The Bells of St. Mary’s (1945)


Starring: Bing Crosby, Ingrid Bergman, Henry Travers, William Gargan

Director: Leo McCarey

Summary: A liberal priest tries to soften the strict nun running St. Mary’s school

Other Nominations: Director, Actor (Crosby), Actress (Bergman), Dramatic/Comedy Score, Original Song (“Aren’t You Glad You’re You”), Sound Recording*, Film Editing


-Crosby and Bergman are both good here (especially Bergman who is the picture of loveliness here), and the dynamic between the two produces the some very good moments, even if I like the one Crosby and Fitzgerald had in Going My Way better. I also liked Travers as the old businessman.

-The subplots that make up the movie are hit or miss, but the one with the girl who lives there and is having a hard time academically was clearly my favorite.


-Structurally, this movie is the same as its predecessor but worst. Most of the time, it feels like a series of a few subplots vs. being a consistent and focused narrative. This can work in a movie if done right, but the subplots feel mostly unconnected and a lot of them aren’t particularly interesting. Both movies also have the same core problem facing the characters (the Church/School needs money or it will be shut down), but there are long stretches where the movie forgets about it entirely.

-Crosby’s character is kind of annoying sometimes and most of the time I agree with Bergman’s character more than Crosby’s.

-There’s no songs that I liked, whereas GMW at least had “Swinging on a Star.”

Other Stuff

-The movie had a Catholic Priest as an advisor during shooting. As a joke, Crosby and Bergman did a take in one scene where their characters, a Catholic Priest and a Nun, embraced in a passionate kiss, while the advisor jumped up roaring in anger.

-Crosby earned his second nomination for playing the character Father O’Malley, the first time a person earned two Oscar nominations for playing the same character. The others who have done it since: Cate Blanchett (Queen Elizabeth in Elizabeth and Elizabeth: The Golden Age), Peter O’Toole (King Henry II in Becket and The Lion in Winter), Paul Newman (Fast Eddie Felson in The Hustler and The Color of Money), Al Pacino (Michael Corleone in The Godfather and The Godfather Part II), and Sylvester Stallone (Rocky Balboa in Rocky and Creed)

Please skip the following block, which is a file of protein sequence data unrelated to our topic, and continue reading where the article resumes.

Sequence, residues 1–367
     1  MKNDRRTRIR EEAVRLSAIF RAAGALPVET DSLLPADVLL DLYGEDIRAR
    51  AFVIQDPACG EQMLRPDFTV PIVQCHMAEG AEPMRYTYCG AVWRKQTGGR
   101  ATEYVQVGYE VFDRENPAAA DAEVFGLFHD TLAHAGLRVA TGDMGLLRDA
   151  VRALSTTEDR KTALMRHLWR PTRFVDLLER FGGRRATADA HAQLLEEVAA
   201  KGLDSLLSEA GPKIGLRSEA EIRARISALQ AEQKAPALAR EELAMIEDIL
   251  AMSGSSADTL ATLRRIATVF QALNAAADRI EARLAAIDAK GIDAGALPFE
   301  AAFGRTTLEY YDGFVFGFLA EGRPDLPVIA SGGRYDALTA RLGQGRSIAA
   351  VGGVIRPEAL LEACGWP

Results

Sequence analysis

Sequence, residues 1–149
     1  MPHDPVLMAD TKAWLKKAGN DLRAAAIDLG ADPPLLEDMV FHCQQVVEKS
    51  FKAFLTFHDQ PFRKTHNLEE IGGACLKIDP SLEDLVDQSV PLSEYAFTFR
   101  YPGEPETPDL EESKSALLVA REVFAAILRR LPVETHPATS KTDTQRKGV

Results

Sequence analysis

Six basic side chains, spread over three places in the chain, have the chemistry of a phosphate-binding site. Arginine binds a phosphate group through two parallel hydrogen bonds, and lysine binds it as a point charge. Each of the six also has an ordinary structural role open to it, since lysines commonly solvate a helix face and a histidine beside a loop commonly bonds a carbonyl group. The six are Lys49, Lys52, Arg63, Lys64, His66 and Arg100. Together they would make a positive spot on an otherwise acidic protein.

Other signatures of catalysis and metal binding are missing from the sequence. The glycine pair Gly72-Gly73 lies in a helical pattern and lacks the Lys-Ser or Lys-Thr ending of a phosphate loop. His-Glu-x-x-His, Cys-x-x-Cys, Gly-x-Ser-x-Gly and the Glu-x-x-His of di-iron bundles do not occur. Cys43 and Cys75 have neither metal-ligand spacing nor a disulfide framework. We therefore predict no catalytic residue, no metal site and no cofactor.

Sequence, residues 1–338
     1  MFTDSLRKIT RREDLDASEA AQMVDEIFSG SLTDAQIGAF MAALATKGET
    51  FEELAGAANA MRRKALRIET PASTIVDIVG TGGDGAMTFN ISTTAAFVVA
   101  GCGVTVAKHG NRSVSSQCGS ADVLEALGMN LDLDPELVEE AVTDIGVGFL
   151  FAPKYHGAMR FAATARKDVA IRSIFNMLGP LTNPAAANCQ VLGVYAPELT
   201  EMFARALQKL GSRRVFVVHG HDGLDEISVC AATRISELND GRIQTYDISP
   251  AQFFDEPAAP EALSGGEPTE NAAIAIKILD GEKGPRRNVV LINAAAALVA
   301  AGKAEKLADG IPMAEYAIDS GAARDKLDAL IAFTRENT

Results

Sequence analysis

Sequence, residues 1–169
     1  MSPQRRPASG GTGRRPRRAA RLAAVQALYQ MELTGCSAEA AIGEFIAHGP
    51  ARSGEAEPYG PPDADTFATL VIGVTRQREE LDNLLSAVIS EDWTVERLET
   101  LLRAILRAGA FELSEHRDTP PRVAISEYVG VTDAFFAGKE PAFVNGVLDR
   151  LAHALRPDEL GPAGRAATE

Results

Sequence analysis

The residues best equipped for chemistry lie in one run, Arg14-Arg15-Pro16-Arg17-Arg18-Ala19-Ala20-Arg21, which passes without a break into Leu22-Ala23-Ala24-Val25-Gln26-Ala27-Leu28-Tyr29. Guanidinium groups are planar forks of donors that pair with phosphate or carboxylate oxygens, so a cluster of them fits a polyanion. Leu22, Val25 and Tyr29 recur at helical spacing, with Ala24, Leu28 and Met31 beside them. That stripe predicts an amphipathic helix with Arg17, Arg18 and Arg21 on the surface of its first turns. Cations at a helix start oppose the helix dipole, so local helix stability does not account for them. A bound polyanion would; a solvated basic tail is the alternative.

Going My Way was #1 at the Box Office in 1944, and The Bells of St. Mary’s was #1 in 1945 , making it the first franchise to be #1 in multiple years (much less in back-to-back years). Others to do so since: Star Wars (Star Wars in 1977, The Empire Strikes Back in 1980, Return of the Jedi in 1983, The Phantom Menace in 1999, and The Force Awakens in 2015), Indiana Jones (Raiders of the Lost Ark in 1981, The Last Crusade in 1989), Lord of the Rings (The Two Towers in 2002 and Return of the King in 2003), Harry Potter (The Sorcerer’s Stone in 2001, The Goblet of Fire in 2005, The Deathly Hallows Part 2 in 2011), and Pirates of the Caribbean (Dead Man’s Chest in 2006, At World’s End in 2007)


This is a schmaltzy movie that has some good moments and Bergman especially is strong, but wasn’t my style and is slightly below its predecessor.

Rating: C-


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